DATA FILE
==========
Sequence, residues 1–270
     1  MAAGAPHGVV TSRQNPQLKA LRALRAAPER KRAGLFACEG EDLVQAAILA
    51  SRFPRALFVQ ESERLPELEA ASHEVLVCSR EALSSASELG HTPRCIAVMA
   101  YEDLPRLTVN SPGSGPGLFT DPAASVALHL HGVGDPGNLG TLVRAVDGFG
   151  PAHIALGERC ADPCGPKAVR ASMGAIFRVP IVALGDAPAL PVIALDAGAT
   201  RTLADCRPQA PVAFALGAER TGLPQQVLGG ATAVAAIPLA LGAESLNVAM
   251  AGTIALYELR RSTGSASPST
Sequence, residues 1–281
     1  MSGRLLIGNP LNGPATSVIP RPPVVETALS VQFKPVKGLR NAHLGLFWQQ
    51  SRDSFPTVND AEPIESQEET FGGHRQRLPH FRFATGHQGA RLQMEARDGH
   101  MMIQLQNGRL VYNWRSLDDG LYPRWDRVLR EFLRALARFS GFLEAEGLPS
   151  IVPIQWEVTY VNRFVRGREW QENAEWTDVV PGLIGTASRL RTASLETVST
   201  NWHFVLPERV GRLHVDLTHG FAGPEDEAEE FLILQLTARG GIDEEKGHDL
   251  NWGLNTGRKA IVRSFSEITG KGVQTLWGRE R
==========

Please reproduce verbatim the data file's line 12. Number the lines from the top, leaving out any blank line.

   151  IVPIQWEVTY VNRFVRGREW QENAEWTDVV PGLIGTASRL RTASLETVST